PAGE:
Supreme Court Justice Antonin Scalia is one of the most conservative justices of all time, a man who proudly boasts of his reactionary jurisprudence and flaunts his connection to the Republican elite. But every once in a while, Scalia’s insistence on interpreting the Constitution exactly how it was (purportedly) understood by the framers leads him to unexpectedly progressive opinions. From flag burning to warrantless searches to free speech, Scalia’s liberal streak has made a surprisingly profound impact on constitutional law.
For court watchers, Scalia’s occasional defections to civil libertarianism have an added bonus: We get to hear the court’s most trenchantly witty inquisitor grill attorneys who were expecting a sympathetic ear. With the help of Slate’s Jeff Friedrich, I’ve collected Scalia’s most incisive and entertaining moments on the bench, when the justice broke from his usual retrograde passions to defend a surprisingly progressive vision of liberty.
In 1984, Texas imprisoned Gregory Lee Johnson for burning an American flag in protest of the Reagan administration. Johnson appealed his case to the Supreme Court in 1989, challenging Texas’ statute outlawing flag-burning. (A ruling for Johnson would, by extension, strike down flag-protection laws in 47 other states.) According to Johnson, burning an American flag qualified as “expressive conduct” protected by the First Amendment. At oral argument, Dallas County Assistant District Attorney Kathi Alyce Drew defended Texas’ law by insisting that the American flag is “this nation’s cherished property,” and must be protected from individual desecrators. Scalia seemed baffled; “I never thought that the flag I owned is your flag,” he told Drew.
To illustrate the arbitrary nature of Texas’ flag-protection law, Scalia then attempted to divine what other “cherished” symbols the state might protect from desecration. “I was going to ask about the state flower,” Scalia scoffs—and the courtroom erupts into laugher.
From there, Drew’s arguments only grew more ridiculous. Drew argued that her state’s law was constitutional because it didn’t qualify as “viewpoint discrimination”—in other words, it didn’t censor expression based on its message. This notion, Scalia noted, was somewhat comical: The only reason to burn an American flag is to express discontent with America, so by banning flag-burning, Texas was stifling anti-American expression. In response, Drew tried to argue that one might burn a flag to “honor” the country. Scalia challenged her to describe a single instance in which that might occur. Her reply is almost painfully silly.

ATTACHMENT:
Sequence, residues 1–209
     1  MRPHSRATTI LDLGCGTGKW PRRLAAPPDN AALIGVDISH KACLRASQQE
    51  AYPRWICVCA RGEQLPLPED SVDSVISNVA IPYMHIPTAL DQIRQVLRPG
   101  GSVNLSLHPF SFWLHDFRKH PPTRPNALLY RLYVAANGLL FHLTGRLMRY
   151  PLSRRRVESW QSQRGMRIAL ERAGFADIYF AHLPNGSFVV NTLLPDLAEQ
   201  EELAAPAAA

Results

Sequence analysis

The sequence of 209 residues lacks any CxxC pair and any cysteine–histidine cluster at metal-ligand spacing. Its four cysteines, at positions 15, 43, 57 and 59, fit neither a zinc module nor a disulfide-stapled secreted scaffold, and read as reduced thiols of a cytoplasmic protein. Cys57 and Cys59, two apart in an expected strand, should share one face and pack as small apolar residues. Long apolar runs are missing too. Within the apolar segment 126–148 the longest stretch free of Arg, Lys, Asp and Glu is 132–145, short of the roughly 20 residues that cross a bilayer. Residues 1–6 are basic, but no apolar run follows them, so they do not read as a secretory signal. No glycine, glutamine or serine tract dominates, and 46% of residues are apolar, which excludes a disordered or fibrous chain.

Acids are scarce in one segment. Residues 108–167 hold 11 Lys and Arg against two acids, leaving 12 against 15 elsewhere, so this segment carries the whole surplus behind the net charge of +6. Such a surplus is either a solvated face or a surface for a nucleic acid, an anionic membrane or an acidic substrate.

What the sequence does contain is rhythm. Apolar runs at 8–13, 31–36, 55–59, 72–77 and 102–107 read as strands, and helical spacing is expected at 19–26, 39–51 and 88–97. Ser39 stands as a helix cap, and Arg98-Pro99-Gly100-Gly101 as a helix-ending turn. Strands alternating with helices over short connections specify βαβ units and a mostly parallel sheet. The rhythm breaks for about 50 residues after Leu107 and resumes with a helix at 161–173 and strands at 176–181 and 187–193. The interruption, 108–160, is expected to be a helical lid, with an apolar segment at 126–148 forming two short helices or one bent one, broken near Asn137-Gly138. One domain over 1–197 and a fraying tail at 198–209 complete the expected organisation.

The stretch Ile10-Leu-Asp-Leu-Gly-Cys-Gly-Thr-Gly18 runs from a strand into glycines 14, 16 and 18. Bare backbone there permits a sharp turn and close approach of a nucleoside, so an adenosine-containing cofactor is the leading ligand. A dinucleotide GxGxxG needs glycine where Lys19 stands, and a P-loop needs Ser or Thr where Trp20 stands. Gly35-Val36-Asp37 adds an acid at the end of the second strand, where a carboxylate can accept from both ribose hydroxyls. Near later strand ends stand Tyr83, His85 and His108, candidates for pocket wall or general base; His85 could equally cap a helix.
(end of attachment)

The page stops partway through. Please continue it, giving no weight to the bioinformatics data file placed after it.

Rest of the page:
Scalia’s finest moment of the day came when Drew claimed that flag burners destroy the flag’s “symbolic effect” by desecrating it. This argument, Scalia noted, is contradictory: Johnson wouldn’t have burned the flag—and Texas wouldn’t have cared about his actions—unless the flag were “a very good symbol.” Texas, Scalia explained, didn’t “just want a symbol”; it wanted “a venerated symbol.” And the First Amendment doesn’t let the government promote its message by censoring its citizens.
In the end, Scalia’s vote was decisive: A bare five-justice majority ruled that the First Amendment protected the right to burn the American flag. An incensed Congress quickly passed a federal statute banning flag burning nationwide—a law which the same five justices struck down the very next term.
In 2013, Alonzo Jay King, Jr., argued that by swabbing his cheek and logging his DNA in a statewide database, Maryland police had committed a search—without a warrant, as required by the Fourth Amendment to the Constitution. Maryland’s attorneys likely expected Scalia to support the challenged law, which allowed law enforcement officers to collect and store DNA from any arrestee; after all, the justice had recently voted to allow strip searches of anyone apprehended by the police. Instead, Scalia responded to the state’s opening arguments with a brutal salvo of disbelief.